The government has failed to meet the expectations of its citizens insofar as service delivery is concerned. A recent survey by the Institute for Democracy in Africa (Idasa) shows that nearly 80% of the respondents sampled in 21 municipalities expressed total dissatisfaction with the services their municipalities provided and 78% of them have no idea how the councils spend their money.
Citizens expressed strong opinions about the poor performance of their district and local councils, in terms of both the quality of service delivery and the quality of governance in the past four years. In the past few weeks such issues have been claimed again as the cause of ongoing service delivery protests.
Despite the services the government has delivered to communities many people continue to see in local government a lack of the leadership and vision that would deal with the challenges that have persisted since the last local government elections.
Levels of citizen satisfaction with service delivery decreased dramatically between 2006 and 2010 — from 39,5% to only 11% of respondents. North West has the highest percentage of dissatisfied citizens, at 79%, followed by Mpumalanga and KwaZulu-Natal.
Among the reasons cited for the lack of service delivery are corruption, the dysfunctionality of councils and ward committees, the inability of municipalities to listen to the people and mismanagement within municipalities. The fact that most councils have not been able to tackle issues such as water, roads and job creation in the past four years, as noted by citizens, either shows a lack of responsiveness or an ineffectiveness in dealing with these persistent problems.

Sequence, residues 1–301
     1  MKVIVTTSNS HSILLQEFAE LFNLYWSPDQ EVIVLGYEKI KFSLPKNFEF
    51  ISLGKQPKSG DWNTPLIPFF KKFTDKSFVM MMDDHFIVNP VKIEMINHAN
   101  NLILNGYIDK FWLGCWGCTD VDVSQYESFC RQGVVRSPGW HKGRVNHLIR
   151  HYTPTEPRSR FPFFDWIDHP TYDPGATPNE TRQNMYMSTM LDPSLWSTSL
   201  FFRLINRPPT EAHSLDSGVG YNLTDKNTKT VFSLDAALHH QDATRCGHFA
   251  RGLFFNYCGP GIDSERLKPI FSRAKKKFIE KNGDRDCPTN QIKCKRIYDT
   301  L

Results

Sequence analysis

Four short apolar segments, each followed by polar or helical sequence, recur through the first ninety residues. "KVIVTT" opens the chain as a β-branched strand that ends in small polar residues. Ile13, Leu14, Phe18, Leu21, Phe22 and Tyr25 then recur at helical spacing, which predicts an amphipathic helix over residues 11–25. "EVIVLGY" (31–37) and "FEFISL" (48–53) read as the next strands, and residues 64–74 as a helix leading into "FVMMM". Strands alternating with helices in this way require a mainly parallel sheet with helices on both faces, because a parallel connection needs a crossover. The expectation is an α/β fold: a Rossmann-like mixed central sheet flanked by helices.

Nearly three of every four respondents said they were not well informed by the council about decisions taken. Only 15% were satisfied with information supply. KwaZulu-Natal is the worst affected. The survey shows that information supply has not improved despite, and even because of, the establishment of ward committees, which have not contributed to the improvement of governance in their areas.
More than 80% of respondents said councils should be more open and should allow more active citizen participation. North West and KwaZulu-Natal stand out, with 90% and 97% of respondents, respectively, who are unhappy about a lack of openness. Only 18% feel they have experienced a positive change in the way councils stimulate citizens to participate in local government. More than two-thirds of respondents — 70% — say their councillors do not represent their interests.
How many of these communities must lose faith in the government before we see a clear vision, with strong leadership, in this area of governance? The president, to judge by his State of the Nation address, did not have a solution.
Mvuyisi April is the regional coordinator of Idasa’s local governance unit